Aldermen Slam Chicago Postmaster: “All Our Mail Is Made Of Provolone Now”

CITY HALL — Expressing frustration over difficulties occurring in the postal service, local aldermen are slamming the Chicago Postmaster general, pushing her for answers on the new development apparent in mailboxes city wide: all the mail is made of provolone cheese now.

The problem appeared seemingly overnight. Where once Chicagoans might have encountered paper envelopes and cards in their mailboxes, now there is only provolone, stamped and addressed and piled in damp handfuls. “I sent a postcard to my sister in Bucktown,” said Ravenswood Manor resident Sandra Allen, 37. “I even drew a little Celtic knot on it, to let her know I still like Celtic knots. But by the time it got to her, she said the intricacies of the design had been eaten away, probably by a rat but maybe even by a person who likes cheese! Where are my tax dollars going, if they’re not going to stop guys from eating my mail!”

“This is outrageous and entirely preventable,” said 1st Ward Alderman Daniel La Spata, holding up wet shards of cheese addressed to his office. “How am I supposed to respond to my constituents if their demands cover themselves over in mold after a few days?” Sudden as the cheese switch might seem, many city officials see it as the inevitable result of underfunding. “This is what happens when we don’t support public institutions,” said La Spata, attempting to make out the contents of a letter with a magnifying glass and a small cheese knife. “We all suffer.”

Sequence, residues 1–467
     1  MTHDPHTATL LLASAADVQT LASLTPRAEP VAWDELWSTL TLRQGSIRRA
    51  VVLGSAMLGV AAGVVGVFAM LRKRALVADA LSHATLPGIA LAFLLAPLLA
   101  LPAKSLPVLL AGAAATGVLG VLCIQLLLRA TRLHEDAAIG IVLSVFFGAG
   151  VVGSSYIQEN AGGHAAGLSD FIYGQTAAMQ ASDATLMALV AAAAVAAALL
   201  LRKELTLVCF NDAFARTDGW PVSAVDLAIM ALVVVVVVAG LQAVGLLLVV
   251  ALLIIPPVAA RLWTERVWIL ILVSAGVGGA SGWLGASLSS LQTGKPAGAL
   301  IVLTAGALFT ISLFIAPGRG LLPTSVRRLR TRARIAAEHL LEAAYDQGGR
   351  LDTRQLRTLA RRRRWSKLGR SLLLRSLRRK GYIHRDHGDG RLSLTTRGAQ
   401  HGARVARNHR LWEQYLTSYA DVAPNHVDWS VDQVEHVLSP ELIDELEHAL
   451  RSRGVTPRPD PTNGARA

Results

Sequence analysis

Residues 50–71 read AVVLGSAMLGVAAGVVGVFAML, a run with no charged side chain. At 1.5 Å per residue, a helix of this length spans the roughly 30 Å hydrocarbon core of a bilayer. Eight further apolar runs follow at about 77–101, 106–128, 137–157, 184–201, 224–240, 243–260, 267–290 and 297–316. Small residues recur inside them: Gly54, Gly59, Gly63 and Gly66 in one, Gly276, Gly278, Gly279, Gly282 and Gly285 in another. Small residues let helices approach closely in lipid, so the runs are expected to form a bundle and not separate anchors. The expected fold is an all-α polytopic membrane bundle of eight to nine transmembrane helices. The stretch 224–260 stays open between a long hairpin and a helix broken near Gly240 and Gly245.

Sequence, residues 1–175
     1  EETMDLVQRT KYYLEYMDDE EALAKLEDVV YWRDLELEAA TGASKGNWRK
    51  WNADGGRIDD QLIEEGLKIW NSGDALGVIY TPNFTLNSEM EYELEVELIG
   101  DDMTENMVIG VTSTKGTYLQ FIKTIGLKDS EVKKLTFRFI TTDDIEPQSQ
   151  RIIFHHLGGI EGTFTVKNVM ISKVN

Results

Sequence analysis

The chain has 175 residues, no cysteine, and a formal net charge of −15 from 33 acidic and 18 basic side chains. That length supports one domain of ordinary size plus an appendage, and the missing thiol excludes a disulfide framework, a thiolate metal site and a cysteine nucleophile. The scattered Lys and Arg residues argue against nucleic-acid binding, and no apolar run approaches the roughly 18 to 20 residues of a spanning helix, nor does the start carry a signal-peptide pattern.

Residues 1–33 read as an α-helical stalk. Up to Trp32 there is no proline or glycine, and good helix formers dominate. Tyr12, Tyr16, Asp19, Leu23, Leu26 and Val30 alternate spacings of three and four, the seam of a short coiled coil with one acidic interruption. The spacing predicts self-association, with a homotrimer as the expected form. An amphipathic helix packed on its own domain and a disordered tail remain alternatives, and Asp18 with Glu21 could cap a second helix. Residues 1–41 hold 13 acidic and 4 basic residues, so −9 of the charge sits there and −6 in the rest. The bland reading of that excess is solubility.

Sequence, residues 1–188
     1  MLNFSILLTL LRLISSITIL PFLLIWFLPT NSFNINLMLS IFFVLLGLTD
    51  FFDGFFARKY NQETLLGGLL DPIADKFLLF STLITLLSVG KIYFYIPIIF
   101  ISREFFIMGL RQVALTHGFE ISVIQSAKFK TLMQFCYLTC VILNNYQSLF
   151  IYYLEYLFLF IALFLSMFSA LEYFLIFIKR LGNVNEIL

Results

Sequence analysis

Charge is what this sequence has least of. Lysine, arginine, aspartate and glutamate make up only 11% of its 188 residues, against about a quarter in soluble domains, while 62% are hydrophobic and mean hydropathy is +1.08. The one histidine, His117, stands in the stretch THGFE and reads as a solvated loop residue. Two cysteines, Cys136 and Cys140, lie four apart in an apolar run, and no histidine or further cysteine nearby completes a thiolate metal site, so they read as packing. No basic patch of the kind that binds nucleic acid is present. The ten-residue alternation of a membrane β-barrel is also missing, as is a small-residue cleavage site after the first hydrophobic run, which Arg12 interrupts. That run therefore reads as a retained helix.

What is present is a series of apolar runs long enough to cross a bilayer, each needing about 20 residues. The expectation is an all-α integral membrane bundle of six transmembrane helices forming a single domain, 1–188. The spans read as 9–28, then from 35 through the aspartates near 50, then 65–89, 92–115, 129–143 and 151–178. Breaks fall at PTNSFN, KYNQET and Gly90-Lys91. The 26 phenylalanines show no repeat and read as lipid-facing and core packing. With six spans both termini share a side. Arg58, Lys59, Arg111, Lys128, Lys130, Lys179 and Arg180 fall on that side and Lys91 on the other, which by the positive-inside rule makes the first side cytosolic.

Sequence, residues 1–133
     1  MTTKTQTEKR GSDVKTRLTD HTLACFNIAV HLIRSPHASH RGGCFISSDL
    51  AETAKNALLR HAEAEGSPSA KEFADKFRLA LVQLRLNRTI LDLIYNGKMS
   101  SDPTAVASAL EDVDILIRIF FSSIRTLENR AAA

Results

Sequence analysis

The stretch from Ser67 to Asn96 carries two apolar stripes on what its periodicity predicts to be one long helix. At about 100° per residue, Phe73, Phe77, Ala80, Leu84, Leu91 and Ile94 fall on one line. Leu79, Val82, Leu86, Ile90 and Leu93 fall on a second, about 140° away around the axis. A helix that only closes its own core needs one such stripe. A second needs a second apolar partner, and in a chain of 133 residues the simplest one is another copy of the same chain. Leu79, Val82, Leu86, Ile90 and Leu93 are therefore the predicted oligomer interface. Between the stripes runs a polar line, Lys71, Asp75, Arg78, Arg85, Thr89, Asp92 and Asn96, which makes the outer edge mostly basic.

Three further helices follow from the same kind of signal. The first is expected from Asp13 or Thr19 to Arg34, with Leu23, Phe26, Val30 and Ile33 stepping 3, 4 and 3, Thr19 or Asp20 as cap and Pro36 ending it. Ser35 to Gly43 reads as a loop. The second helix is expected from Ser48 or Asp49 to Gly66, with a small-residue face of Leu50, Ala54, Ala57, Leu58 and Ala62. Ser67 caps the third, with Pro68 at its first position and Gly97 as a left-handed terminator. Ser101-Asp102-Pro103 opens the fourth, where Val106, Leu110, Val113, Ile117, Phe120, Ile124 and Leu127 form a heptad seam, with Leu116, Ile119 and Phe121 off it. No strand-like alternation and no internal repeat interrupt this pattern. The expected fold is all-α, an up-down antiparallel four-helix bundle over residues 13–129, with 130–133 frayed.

“Folks like to get riled up about things,” said Chicago Postmaster Wanda Prater, filing a pile of bills into her office mini fridge. “But our country is always changing; that’s what I love about it. We’re innovators. One day, we’re all living in log cabins. The next day, bam! A little something called the condominium rears its head, and now we all have cable. That’s the American dream, baby. And provolone mail is just the next hot thing.”

As the city uneasily adjusts to the perishable dairy missives decomposing in its foyers, many Chicagoans remain nonplussed. “Am I actually supposed to pay this?” said Allen, holding up a credit card bill typed onto a circle of mellow smoked cheese. “I don’t want to put my CVV on here if someone’s going to nibble through the envelope. That doesn’t seem secure.”

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